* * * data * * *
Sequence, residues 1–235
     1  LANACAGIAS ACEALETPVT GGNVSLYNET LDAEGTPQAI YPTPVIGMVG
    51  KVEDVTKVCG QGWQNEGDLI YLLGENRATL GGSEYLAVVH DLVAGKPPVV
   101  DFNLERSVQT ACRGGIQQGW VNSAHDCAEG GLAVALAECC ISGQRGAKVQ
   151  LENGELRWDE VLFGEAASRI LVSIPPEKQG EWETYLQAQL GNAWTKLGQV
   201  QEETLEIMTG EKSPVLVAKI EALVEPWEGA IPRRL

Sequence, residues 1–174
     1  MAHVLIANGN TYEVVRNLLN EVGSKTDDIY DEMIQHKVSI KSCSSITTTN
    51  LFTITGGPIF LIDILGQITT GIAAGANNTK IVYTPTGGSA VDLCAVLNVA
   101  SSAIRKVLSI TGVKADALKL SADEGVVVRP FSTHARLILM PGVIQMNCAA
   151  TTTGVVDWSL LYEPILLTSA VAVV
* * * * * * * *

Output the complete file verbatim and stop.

Sequence, residues 1–235
     1  LANACAGIAS ACEALETPVT GGNVSLYNET LDAEGTPQAI YPTPVIGMVG
    51  KVEDVTKVCG QGWQNEGDLI YLLGENRATL GGSEYLAVVH DLVAGKPPVV
   101  DFNLERSVQT ACRGGIQQGW VNSAHDCAEG GLAVALAECC ISGQRGAKVQ
   151  LENGELRWDE VLFGEAASRI LVSIPPEKQG EWETYLQAQL GNAWTKLGQV
   201  QEETLEIMTG EKSPVLVAKI EALVEPWEGA IPRRL

Sequence, residues 1–174
     1  MAHVLIANGN TYEVVRNLLN EVGSKTDDIY DEMIQHKVSI KSCSSITTTN
    51  LFTITGGPIF LIDILGQITT GIAAGANNTK IVYTPTGGSA VDLCAVLNVA
   101  SSAIRKVLSI TGVKADALKL SADEGVVVRP FSTHARLILM PGVIQMNCAA
   151  TTTGVVDWSL LYEPILLTSA VAVV